Companies have traditionally pursued success by seeking to be better, or cheaper, than their direct competition. But in an era of globalization, this often results in low margins and poor long-term growth. Blue Ocean Strategy is a strategic analysis method that helps you break free of this endless cycle of competition.
Developed by professors at INSEAD, Blue Ocean Strategy provides frameworks and tools to help companies identify “blue oceans” of market space, creating demand for entirely new products.
We are not competing against Sony or Microsoft. We are battling the indifference of people who have no interest in video games.
Satoru Iwata, Nintendo President and CEO
Strategic Research is a recognized expert in Blue Ocean Strategy.
How Blue Ocean Strategy works
Blue Ocean Strategy is based on a collaborative approach between an internal, multi-disciplinary team, and our consultants. The project team, sponsored by the Executive Board, works to a short timeframe – typically a few weeks. They explore the existing market, identify alternatives, generate ideas by following pre-identified paths, assess these ideas and develop the most interesting ideas further.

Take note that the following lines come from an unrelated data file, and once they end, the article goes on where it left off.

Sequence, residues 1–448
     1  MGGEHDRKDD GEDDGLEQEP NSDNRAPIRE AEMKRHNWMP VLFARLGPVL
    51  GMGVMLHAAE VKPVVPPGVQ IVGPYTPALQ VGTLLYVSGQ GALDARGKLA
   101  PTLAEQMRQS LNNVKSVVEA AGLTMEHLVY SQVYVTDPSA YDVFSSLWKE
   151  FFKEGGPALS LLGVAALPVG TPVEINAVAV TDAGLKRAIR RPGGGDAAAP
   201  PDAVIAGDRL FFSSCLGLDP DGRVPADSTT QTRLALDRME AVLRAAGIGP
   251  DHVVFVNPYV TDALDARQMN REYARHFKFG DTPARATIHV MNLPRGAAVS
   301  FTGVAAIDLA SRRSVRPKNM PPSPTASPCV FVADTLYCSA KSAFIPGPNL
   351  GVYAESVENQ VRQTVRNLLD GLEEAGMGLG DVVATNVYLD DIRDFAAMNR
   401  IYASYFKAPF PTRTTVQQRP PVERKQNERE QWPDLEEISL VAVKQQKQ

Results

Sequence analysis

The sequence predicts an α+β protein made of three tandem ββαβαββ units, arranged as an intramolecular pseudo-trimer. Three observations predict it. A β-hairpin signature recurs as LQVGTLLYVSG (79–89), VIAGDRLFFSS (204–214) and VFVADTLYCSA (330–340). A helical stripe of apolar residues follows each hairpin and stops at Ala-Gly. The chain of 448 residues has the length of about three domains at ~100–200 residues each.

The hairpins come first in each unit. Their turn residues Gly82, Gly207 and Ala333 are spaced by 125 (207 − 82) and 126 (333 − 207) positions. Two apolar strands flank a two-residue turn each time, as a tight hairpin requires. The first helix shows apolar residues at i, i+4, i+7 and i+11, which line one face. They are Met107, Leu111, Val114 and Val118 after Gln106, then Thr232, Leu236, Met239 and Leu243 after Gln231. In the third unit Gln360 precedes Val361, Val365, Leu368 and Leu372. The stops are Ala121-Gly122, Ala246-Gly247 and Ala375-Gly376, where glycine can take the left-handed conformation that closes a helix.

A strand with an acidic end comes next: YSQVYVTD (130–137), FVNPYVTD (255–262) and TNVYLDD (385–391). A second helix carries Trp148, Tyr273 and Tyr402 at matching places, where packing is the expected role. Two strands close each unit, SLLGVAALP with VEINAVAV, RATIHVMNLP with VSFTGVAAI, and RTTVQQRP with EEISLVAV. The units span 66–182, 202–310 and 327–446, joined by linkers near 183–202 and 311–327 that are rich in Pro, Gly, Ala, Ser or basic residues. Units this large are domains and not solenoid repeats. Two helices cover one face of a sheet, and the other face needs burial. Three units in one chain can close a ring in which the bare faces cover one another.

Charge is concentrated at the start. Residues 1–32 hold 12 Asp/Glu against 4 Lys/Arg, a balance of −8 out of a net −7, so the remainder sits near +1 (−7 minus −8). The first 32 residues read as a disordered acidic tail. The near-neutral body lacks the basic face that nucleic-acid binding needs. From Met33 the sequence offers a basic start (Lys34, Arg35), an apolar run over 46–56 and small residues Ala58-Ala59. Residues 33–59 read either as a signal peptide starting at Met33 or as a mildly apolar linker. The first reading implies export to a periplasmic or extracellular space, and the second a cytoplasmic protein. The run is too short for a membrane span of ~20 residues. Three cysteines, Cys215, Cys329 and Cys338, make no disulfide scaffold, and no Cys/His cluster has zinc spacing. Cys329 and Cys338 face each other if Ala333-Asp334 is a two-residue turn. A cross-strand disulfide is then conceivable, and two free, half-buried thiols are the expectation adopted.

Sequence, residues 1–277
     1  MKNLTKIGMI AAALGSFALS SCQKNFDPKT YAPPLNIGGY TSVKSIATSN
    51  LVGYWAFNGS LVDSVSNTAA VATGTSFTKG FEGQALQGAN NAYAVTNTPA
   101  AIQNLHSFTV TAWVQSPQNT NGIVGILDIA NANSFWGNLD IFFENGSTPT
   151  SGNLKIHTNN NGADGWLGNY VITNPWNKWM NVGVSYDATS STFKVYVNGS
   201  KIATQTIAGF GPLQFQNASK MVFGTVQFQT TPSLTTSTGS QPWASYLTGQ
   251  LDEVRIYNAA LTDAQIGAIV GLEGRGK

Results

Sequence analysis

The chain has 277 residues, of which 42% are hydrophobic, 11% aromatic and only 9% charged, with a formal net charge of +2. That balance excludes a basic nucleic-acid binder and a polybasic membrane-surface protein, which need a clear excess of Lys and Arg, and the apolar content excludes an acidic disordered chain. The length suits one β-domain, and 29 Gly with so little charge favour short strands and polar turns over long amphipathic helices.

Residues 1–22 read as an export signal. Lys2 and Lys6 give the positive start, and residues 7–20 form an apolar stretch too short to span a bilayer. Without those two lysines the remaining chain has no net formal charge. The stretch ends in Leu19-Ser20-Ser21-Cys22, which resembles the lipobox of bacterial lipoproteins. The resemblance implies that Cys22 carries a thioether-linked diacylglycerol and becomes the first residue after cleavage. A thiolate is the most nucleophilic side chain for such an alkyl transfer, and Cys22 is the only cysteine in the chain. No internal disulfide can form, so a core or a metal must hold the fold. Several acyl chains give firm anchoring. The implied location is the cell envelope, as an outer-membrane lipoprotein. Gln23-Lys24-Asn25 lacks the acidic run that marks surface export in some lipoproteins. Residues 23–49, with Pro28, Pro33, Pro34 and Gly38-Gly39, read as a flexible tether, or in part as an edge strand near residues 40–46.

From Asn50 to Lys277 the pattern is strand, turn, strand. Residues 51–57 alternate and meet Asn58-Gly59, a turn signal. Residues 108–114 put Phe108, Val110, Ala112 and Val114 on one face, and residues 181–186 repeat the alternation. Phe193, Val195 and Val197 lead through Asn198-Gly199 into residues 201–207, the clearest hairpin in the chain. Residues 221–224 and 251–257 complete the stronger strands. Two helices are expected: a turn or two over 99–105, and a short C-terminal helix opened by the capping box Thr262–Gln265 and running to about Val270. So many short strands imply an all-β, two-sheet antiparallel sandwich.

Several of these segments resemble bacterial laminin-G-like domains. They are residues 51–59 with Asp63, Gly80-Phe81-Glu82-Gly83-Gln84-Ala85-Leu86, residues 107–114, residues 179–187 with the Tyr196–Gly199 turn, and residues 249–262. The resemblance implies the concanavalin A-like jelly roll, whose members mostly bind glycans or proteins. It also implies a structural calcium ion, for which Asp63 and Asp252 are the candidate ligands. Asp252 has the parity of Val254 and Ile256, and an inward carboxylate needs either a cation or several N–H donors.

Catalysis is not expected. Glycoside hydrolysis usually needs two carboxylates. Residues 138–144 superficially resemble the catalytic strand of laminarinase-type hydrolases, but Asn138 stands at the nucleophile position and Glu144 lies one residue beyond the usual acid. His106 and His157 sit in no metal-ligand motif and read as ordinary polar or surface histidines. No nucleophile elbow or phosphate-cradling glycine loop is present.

This intensive research phase is supported by a set of powerful tools. These include:
- the Strategy Canvas, to analyze the strategic positioning of the current offer
- the Six Paths, an efficient way to identify new directions for the brand
- the PMS (Pioneer-Migrator-Settler) map to rank ideas according to their ability to create or redefine new market boundaries.
The growth platforms that emerge from this collaborative process are presented to management, who then decides how each should be developed.
We have worked with some of the world’s leading brands using the Blue Ocean Strategy approach. The impact is game-changing: revolutionary products, significant growth, and an entirely fresh way of looking at the market.
A 2-minute animation on Blue Ocean Strategy, by Harvard Business Review.
Renee Mauborgne, co-founder of the Blue Ocean Strategy, explains in a 6 minutes intervention, what are the main differences between red and blue ocean strategies.